Wednesday, May 4, 2011

Tradition and Acknowledgement in Combat Zones

Jerry W. Ward, Jr., Professor of English at Dillard University, is the author of The Katrina Papers: A Journal of Trauma and Recovery (UNO Press, 2008). Professor Ward has been a faithful guest blogger for the HBW offering literary criticism on Richard Wright, James Baldwin, and creative writing entries.

Our tradition of black writing is coterminous with the tradition of black literature; whether we speak of literature or of writing depends on how we choose to the position our necessary and creative acts of expression.  Writing refers to specific uses of verbal literacy either in script (handwriting) or print (mechanical reproduction). On the other hand, literature (which embraces a dimension named orature or oral literature) refers to deliberately isolated instances of writing. Typical examples of writing are emails or letters between friends, captions linked to images, folklore, personal statements attached to applications, blogs and legal documents. Literature is constituted by fiction and non-fiction, play scripts and screenplays, poems, the sound-crafting of lyrics by Billie Holiday, Alberta Hunter, Curtis Mayfield, Nina Simone or Marvin Gaye, and blurred genres in want of adequate description. Our rich, robust traditions cause problems in the conduct of everyday life, not because they are arbitrary but because we make them interchangeable in varying degrees.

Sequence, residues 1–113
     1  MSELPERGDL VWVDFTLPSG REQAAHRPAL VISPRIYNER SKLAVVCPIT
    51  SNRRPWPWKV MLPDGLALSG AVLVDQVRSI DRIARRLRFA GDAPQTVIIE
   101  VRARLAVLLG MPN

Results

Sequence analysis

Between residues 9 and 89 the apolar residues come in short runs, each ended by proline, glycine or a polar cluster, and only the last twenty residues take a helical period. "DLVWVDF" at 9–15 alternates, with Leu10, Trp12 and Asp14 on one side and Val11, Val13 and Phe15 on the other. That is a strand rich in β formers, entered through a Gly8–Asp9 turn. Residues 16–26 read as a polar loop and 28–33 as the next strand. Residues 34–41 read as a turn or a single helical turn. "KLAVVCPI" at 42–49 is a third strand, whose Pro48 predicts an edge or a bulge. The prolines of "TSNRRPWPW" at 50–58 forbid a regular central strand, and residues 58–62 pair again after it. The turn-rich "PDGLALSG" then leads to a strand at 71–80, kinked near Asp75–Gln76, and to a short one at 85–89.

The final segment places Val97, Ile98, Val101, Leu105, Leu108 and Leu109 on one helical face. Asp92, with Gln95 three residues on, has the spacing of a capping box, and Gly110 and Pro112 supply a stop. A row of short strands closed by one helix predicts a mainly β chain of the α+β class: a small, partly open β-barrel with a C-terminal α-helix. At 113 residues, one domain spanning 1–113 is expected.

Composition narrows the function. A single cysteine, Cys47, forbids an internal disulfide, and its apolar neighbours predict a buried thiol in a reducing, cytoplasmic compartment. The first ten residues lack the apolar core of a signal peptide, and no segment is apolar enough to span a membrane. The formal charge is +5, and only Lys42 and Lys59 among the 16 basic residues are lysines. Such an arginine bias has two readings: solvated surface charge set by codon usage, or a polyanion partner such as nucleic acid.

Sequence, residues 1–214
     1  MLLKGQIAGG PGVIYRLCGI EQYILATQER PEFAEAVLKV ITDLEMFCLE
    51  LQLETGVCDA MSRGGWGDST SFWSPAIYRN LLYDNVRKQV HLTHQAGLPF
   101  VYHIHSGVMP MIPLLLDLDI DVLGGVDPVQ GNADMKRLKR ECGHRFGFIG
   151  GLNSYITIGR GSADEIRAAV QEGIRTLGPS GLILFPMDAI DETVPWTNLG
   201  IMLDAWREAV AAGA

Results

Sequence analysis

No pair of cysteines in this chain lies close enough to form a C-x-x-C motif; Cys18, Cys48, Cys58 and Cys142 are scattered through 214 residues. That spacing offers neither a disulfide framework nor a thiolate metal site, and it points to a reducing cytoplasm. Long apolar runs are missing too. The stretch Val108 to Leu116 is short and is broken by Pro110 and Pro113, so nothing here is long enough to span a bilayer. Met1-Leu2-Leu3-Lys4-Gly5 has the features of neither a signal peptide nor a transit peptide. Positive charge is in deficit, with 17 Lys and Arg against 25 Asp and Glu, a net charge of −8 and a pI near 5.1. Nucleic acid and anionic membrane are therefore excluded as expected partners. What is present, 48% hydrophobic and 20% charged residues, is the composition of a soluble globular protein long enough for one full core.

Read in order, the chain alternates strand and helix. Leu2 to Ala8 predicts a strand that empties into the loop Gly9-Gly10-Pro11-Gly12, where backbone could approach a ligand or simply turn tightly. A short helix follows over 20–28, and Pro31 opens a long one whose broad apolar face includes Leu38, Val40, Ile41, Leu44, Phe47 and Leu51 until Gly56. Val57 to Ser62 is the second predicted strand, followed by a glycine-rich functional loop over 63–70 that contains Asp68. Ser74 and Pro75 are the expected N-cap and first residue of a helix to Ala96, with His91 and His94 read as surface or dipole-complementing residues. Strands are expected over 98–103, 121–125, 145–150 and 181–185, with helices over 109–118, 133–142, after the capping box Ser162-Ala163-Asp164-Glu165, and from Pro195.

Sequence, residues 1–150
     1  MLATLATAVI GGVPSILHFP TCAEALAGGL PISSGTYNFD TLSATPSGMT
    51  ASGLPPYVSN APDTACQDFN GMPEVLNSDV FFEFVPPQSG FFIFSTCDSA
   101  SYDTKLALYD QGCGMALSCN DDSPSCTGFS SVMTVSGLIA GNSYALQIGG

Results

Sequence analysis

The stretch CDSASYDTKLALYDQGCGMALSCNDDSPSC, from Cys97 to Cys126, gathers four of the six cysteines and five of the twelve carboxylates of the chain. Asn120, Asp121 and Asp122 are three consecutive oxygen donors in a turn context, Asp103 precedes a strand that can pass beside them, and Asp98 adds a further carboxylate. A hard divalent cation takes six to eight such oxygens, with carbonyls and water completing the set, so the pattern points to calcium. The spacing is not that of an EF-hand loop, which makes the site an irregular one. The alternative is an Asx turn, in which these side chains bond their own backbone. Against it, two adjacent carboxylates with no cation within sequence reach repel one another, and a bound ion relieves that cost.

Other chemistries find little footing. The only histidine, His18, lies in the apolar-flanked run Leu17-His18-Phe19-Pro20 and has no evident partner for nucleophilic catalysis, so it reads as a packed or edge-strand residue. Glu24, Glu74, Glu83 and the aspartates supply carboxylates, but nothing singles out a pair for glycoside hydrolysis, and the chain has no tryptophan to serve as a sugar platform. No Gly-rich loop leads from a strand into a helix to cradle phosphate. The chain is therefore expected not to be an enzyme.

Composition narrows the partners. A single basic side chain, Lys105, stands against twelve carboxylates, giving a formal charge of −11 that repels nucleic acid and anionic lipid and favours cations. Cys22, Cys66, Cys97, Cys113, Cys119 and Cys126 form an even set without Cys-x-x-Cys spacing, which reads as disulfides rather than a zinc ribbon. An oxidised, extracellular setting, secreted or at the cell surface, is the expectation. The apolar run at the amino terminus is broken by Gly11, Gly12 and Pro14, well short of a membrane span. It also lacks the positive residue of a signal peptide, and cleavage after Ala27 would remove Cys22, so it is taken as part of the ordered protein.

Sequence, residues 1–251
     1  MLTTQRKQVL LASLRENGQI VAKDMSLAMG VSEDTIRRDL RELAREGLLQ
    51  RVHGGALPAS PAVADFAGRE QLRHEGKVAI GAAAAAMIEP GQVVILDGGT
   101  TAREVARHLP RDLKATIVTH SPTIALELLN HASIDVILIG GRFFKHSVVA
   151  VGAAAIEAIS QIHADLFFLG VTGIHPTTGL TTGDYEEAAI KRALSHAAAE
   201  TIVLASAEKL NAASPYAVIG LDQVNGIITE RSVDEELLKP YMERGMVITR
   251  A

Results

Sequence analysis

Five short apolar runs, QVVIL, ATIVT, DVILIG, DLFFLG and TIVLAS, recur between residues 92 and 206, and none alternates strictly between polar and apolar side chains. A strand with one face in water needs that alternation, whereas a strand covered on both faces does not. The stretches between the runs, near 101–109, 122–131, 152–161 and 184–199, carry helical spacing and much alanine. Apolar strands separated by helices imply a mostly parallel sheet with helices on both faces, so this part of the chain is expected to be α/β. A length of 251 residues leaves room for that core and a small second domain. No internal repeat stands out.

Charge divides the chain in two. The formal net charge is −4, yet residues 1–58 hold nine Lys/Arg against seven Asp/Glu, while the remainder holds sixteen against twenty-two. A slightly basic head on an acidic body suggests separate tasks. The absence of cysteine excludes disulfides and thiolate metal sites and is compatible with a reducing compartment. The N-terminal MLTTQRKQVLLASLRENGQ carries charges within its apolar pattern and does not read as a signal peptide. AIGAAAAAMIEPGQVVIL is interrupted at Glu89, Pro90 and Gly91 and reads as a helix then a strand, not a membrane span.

My critical thinking about writing and literature and my stance of being post-nothing and pre-future were shaped by the yoking of the cultural and the political in struggles for human and civil rights, for agency, and for conflicting values implicit in Black Arts/Black Aesthetic projects.  Although belief in the wonderful illusion of “the black community” and its solidarity in America has given way to accepting the  contentious realities of intra-ethnic fragmentation (diasporic sprawl), I refuse to abandon selected core, ancestral values always present in the unfinished enterprise labeled the Black Aesthetic.  What does it profit a person to perform intellectual minstrelsy for the delight of academic and theoretical idols?  As Ann duCille remarked in Skin Trade (1996), we do live in “ a country where ethnic rivalry, race hatred, bigotry, anti-Semitism, sexism, heterosexism, and even neo-Nazism are on the rise” (172), and “the best thing we can do for ourselves and our country…is exactly to deromanticize it” (173). In my work with literature, writing, and people I find duCille’s insights are pragmatic, consonant with my chosen obligations as an African American Southern male and my penchant for deromanticizing things in the spirit of David Walker and Richard Wright. BAM values guide my behavior in the combat zones created by calls to abandon our history in the miasma of post-racialism or to cast our expressive traditions prematurely into the suspect question-machine of Kenneth W. Warren’s What Was African American Literature? (2011).

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